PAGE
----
Feature debuts are a chance for any filmmaker to make an impression and to present audiences with a viewpoint perhaps unseen before. Folks, Christian Papierniak’s rock-infused dramedy Izzy Gets the F*ck Across Town does all that and a little more. Often feeling like a modern adaptation of Charles Dickens’s A Christmas Carol mixed with the unfettered momentum of Run Lola Run, Izzy’s bold, brash, and filled with gnarly people doing gnarly things. So if you like your romance a little bit on the nasty side, you’re going to want to find out if Izzy Gets the F*ck Across Town.
Rock star washout Izzy (Blade Runner 2049’s Mackenzie Davis) wakes up hungover as hell next to a dude she doesn’t know in a house somewhere around Los Angeles. This she can handle in stride, but what she can’t abide is the discovery that her ex is engaged and the party’s that night. Broke, battling a raging headache, and without transport, Izzy must endure flakey friends, random crazies, estranged family, and more just for the chance to achieve her destiny…if she can just make it across town in time.
Let’s get one thing clear right off the bat – the “rock n’ roll” vibe of Izzy is far more than set dressing. That vibe drips from every aspect of the film from the hyper-saturated coloring featured in the dream state prologue, to the fast cuts intermixed with split-screen editing to denote Izzy’s hurried state, and to the costumes and set design exuding a derelict, yet appreciated veneer. All of these elements work in tandem to cultivate a hurricane of femme rock badassery, which coalesces around our abrasive, messy heroine Izzy. Most impressively, like a great album that has to be experienced top-to-bottom, the story of Izzy is broken into ten “tracks”, each of varying length and style, telling Izzy’s story of love-lost and love-regained. Beautifully, Papierniak seems fully aware of audience’s expectations, so while there’re some twists that the audience may predict, the resolution is not only unique to folks expecting a pop rom-com ending, but it feels undeniably earned, making it all the more satisfying.
Like any good album, the melody might hook you, but it’s the lyrics and orchestration that really pull in the audience. Represented here by a cadre of talent, they fill the space of each “track” with their energy, often out of tune with Izzy’s headspace, and still manage to create evocative harmony. In the opening sequence post-dream, Izzy wakes next to George (Get Out’s Lakeith Stanfield), whom we discover is both a highly trained pilot and inquisitive man which contrasts against Izzy’s disoriented, manic energy. On the move for transport, she visits Walt (Haley Joel Osment), a man in love with the idea of love, yet bears none of the conviction to either break up with his girlfriend or proclaim his love to the women he went on one date with the night before, the one unconscious in his living room. Like Izzy, Walt longs for love, but fails to communicate it properly. As this track ends, the girl, Agatha (Alia Shawkat), wakes, offering Izzy a ride to her destination. What seems like a Top 40 hits quickly turns into trip-hop as they discuss the merits of fate vs. free will while Agatha breaks into her boyfriend’s house. Here, Izzy stands her philosophical ground against Agatha, defending the glorious purpose of fate as it intersects with personal action. It’s a fantastic scene for both actresses, featuring some of the longest stretches of dialogue in the film. If this track addresses the philosophy of Izzy, the track after featuring Annie Potts as semi-shut-in Mary, is the emotional heart. After stumbling upon a box of memories, Izzy tries to return it to Mary, yet Mary’s reluctant to accept it. Why? Because the memories are a moment in time that left her stuck in the past – a continual undercurrent throughout Izzy that our heroine can’t seem to navigate. While a track-by-track analysis befitting a music review would suit Izzy just as well, these few examples highlight Papierniak’s commitment to Izzy’s musical vibe as more than garnish, but as fully-formed thematic connections.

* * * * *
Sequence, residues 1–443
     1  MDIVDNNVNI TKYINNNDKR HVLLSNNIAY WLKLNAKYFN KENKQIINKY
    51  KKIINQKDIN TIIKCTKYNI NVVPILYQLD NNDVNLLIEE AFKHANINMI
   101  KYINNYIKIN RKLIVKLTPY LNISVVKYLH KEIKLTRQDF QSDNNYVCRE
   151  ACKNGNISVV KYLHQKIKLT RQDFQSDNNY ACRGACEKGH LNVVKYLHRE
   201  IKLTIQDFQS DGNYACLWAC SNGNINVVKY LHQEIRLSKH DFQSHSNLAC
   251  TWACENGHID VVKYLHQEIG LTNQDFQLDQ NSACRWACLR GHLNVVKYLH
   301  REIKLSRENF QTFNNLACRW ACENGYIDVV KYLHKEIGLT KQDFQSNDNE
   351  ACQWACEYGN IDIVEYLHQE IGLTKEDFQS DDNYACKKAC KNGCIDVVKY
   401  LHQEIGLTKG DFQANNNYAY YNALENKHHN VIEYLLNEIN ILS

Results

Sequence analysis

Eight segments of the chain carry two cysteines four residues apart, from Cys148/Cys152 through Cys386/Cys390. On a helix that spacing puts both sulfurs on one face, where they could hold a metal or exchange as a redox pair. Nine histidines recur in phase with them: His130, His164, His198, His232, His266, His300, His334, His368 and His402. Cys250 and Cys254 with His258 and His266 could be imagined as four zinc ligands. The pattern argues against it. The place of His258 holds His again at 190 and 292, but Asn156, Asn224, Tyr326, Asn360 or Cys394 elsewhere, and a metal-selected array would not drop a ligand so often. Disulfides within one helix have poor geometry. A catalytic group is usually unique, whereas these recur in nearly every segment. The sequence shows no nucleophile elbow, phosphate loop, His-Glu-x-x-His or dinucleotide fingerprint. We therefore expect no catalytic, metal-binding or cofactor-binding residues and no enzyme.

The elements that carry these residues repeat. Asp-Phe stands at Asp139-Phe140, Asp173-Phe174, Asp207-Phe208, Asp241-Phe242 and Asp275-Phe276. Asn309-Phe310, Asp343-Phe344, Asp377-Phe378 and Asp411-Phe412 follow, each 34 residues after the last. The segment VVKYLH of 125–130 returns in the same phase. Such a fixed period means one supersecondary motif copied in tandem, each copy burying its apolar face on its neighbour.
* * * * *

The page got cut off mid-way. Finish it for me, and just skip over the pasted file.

Discussing Izzy can’t be done without mentioning the wonder that is Mackenzie Davis. Some know her from her work on AMC’s Halt and Catch Fire, the rom-com That Awkward Moment, or her small, but effectual role in Blade Runner 2049. However you know her, Izzy feels like the first time audiences will truly appreciate her great work. Through choices physical and verbal, we can see every burden pulling her down and the clarity of acceptance lift her up. In one scene, she and her sister Virginia (played with such vigorous venom by Carrie Coon) sing a song together at the insistence of Virginia’s husband. As the camera switched back and forth in close-up of each sisters face, independent from the lyrics of the song, each actress conveys what could be years’ worth of tension and conflict between them, only to find peace by the end of the number. If this performance doesn’t put Davis on audience’s radar, it’s unclear what will.
There’s a lot to dig about Izzy Gets the F*ck Across Town and you have to be willing to think of its pieces as individual tracks of a larger album. Each encompass a different mood or viewpoint that Izzy herself must confront, even if it’s herself that’s in her way from achieving her destiny. This means the audience must, first, be ok watching folks not being their best selves (a source of some great comedic moments, to be sure), and, second, acknowledge that each track is its own story. This is a difficult task to pull off, and when it works, it works really well. By and large, audiences are going to dig Izzy’s messy life with all of its dysfunction and will root for the heroine to grasp her destiny and make it manifest.
Final Score: 4.5 out of 5.